Bill Barminski Retrospective
Castelli Art Space
February 22-24, 2018
Arriving on a cold Thursday night to the VIP Opening of the Bill Barminski Retrospective – a two-day pop-up show at the relatively new Castelli Art Space – I was greeted by videos being projection-mapped onto a stack of boxes, as well as grilled tacos and drinks, all happening outdoors. Inside, a table of assorted cardboard sculptures were waiting for people to handle them – yes, to touch them. A collector friend cringed when the wind tipped a few over, and I shrugged, telling him not to worry, as Bill, smiling, casually walked over and straightened the sculptures, handing a “spray can” to one of the guests to show it was all okay.
Bill Barminksi’s approach to his work is similarly relaxed in terms of elements of construction, but not without concentrated focus on social issues that our consumer-based culture revolves around – guns/violence, personality “cults”, and the culture of, well, culture itself.
One example, the work Breakfast With Jackson Pollock, shows a close-up of an extended hand holding a bowl of fruity cereal. Rendered in a matter-of-fact, almost sign painterly way, accented by purposefully aged gashes and cracks in the paint, which are then varnished together with the message, the work has no visual relationship to Pollock’s art, which is partly the point.
When asked to talk about the painting, not much was said, which is typical Bill. Something on the order of, “It’s just about what goes on in the art world – we’re fed so much….history.” (Feel free to substitute the noun “history” for other, less tasty ones…)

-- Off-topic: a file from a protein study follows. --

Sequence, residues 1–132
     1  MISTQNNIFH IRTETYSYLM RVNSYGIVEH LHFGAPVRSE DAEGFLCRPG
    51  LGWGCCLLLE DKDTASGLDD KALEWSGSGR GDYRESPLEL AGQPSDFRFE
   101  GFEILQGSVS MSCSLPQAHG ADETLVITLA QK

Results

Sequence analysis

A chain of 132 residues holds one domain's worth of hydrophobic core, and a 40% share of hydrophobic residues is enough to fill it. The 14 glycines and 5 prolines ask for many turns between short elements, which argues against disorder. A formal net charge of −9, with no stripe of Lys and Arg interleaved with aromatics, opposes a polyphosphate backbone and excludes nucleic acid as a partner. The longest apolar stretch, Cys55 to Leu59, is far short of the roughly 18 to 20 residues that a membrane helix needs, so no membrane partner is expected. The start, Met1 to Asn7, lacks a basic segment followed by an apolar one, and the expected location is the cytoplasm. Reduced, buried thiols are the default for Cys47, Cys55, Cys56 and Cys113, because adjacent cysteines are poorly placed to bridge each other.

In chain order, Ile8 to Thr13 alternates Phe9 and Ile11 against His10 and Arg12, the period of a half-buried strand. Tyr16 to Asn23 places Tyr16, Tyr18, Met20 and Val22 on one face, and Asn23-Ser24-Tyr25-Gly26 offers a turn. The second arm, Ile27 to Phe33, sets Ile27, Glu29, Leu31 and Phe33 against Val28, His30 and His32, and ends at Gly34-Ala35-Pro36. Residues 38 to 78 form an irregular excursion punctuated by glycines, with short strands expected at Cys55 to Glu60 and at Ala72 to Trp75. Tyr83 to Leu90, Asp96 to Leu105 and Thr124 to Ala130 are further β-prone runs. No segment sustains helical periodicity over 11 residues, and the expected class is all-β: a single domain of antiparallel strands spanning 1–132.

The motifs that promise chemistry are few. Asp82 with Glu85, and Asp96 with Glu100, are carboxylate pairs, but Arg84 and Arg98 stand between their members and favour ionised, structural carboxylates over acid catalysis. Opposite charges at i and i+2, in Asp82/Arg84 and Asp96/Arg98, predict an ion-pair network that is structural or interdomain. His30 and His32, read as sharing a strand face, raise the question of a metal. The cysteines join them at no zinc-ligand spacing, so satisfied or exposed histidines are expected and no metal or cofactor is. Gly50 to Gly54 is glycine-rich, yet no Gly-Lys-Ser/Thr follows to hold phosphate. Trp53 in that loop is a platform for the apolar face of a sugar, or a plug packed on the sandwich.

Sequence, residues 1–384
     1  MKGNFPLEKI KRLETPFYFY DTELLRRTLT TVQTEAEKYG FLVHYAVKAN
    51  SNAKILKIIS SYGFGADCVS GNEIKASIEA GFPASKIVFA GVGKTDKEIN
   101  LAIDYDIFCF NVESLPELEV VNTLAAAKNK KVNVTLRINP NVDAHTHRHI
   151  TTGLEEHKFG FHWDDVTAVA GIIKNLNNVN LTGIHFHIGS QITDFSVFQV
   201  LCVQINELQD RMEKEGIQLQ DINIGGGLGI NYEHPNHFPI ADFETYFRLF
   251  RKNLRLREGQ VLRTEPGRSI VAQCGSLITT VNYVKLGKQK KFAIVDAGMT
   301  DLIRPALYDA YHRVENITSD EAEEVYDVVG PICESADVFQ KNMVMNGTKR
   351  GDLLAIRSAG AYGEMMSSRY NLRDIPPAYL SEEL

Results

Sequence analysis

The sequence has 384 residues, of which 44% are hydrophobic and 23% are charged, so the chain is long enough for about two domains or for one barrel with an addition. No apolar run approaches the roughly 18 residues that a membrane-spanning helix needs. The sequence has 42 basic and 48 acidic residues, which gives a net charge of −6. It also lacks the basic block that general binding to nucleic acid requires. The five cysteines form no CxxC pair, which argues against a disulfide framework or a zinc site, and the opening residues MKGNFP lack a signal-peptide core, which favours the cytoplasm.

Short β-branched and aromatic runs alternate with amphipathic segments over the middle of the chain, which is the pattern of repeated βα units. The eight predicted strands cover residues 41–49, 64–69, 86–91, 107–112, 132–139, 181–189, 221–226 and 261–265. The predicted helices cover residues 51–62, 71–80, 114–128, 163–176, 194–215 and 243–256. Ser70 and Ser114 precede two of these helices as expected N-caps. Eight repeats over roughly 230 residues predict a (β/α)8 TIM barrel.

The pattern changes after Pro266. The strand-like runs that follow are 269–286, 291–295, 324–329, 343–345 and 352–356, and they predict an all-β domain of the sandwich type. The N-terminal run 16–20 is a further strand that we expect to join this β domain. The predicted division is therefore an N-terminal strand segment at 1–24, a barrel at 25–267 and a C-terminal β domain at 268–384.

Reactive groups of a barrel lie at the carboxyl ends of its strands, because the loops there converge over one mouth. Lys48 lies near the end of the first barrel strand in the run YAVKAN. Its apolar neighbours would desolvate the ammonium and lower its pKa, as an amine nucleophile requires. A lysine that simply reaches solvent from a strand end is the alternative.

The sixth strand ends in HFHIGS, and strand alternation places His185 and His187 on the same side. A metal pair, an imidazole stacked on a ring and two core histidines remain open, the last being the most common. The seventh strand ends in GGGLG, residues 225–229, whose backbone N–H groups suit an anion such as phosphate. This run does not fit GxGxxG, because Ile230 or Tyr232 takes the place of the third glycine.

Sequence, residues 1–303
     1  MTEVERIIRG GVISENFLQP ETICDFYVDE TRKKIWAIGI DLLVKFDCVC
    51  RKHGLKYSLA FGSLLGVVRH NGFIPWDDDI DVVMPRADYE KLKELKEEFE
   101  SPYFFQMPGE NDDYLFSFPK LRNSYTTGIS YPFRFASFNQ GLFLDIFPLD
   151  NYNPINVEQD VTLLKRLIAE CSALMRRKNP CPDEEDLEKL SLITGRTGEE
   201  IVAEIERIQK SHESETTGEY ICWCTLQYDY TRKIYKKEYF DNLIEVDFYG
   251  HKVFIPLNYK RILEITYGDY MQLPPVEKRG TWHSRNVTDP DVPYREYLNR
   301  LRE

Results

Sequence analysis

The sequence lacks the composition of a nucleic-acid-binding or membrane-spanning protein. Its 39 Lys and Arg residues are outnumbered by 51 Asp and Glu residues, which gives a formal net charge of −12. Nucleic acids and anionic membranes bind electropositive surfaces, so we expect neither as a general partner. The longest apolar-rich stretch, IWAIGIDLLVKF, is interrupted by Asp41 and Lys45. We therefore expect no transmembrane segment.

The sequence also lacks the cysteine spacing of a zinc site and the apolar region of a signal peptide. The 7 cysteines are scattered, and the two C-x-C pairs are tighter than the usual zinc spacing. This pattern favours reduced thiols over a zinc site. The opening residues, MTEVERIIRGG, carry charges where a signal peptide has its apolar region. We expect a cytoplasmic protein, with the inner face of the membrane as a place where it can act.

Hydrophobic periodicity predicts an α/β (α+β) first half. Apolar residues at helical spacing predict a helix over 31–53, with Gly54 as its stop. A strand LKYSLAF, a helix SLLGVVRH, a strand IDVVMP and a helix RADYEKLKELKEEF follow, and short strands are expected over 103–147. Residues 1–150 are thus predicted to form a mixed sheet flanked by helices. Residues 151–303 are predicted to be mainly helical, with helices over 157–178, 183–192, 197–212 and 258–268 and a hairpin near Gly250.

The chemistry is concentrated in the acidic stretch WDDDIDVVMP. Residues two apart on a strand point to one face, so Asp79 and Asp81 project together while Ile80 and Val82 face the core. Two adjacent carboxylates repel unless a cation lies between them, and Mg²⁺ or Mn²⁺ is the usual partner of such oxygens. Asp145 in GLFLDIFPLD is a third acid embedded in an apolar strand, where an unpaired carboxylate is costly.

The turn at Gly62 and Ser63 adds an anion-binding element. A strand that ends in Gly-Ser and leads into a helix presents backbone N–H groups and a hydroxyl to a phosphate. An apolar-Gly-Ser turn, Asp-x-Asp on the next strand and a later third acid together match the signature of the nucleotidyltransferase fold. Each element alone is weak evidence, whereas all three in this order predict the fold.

In other parts of the gallery, the dialogue continued with mock ads for vodka (Absolut Barminski), and a life-size deer (in the headlights) replete with antlers – as well as caricatures of jazz musicians such as John Coltrane, re-dos of Coca-Cola ads, and a painting of a grenade with a price tag on it.
Carlos Iglesias, who runs the gallery with owner Fred Goldstein, says, “The best part about it was that despite the wind and the cold, so many people came out to support Bill. It shows just how much respect he has in the art community. We’ll be doing another show of his work in the future.”
The Bill Barminski Retrospective was a rousing – albeit too short – pop-up that received earned acclaim, not by demand or command, but by astute action.
All photographs by the author.